Author
Katharina Bräuer

Katharina Bräuer, LL.M.

Associate

Read More
Author
Katharina Bräuer

Katharina Bräuer, LL.M.

Associate

Read More

12 April 2021

R&I update – April 2021 – 4 of 5 Insights

German Federal Court of Justice extends limited partner liability

  • Quick read

The German Federal Court of Justice (BGH) has ruled that a limited partner is not liable for debts incumbent on the insolvency estate incurred by an administrator in insolvency proceedings.

However, it was unclear who would be liable for debts incumbent on the insolvency estate pursuant to section 55(4) of the German Insolvency Act (the Act) incurred in preliminary insolvency proceedings. A recent BGH ruling on 28 January 2021 (IX ZR 54/20) now provides clarity.

Case summary

During preliminary insolvency proceedings, the debtor sold goods with the consent of the "weak" provisional insolvency administrator. This created a trade tax receivable, which was classified in the opened insolvency proceedings as a debt incumbent on the insolvency estate (section 55(4) of the Act).

Key findings from the case were:

  • The BGH ruled that a limited partner is generally liable for all partnership liabilities, including those incumbent on the insolvency estate established by the partnership as debtor.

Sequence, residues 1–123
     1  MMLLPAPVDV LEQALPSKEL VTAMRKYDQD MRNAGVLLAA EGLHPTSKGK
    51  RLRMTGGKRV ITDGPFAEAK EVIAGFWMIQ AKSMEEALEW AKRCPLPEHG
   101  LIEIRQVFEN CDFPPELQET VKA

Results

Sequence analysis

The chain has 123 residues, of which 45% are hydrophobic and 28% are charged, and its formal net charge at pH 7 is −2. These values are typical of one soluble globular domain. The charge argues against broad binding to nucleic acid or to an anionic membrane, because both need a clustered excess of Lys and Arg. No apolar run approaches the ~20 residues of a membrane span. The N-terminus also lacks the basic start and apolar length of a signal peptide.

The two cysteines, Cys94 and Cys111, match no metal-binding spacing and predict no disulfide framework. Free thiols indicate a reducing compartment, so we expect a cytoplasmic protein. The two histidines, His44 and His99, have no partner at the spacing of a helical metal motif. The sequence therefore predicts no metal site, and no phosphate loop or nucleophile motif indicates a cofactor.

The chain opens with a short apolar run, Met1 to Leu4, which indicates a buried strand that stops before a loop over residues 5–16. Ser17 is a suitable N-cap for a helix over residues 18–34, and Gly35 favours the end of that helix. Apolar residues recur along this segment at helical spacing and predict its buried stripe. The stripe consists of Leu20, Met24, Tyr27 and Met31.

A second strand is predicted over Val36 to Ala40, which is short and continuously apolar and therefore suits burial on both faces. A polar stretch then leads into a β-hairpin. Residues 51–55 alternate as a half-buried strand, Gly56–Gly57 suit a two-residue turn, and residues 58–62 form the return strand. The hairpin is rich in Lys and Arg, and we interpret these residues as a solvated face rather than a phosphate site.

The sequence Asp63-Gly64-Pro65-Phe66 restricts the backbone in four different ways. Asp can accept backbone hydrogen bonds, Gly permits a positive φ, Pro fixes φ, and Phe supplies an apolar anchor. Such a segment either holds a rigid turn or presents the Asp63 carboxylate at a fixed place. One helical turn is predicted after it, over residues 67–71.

• Liability is only excluded when the debtor's right to manage and transfer its property is vested in the ("strong" provisional) insolvency administrator. As a result of this, the limited partner loses the possibility of influencing the development of the partnership. 
  • However, according to the BGH, the sale of goods by the debtor with the consent of the "weak" provisional insolvency administrator is still within the sphere of influence of the partners. This means that the limited partner is liable for the resultant trade tax receivable.

Key takeaways

The current ruling clarifies that the limited partner's liability should not be based on formal criteria but on their ability to exert influence and manage risk. The principles of this ruling can also be applied to the case of (provisional) self-administration, which was not decided here. Since the partners have no influence on the debtor's management pursuant to section 276a(1),(3) of the Act, limited partner liability is excluded. 

Find out more

To discuss the decision in detail, please contact a member of our Restructuring & Insolvency team.

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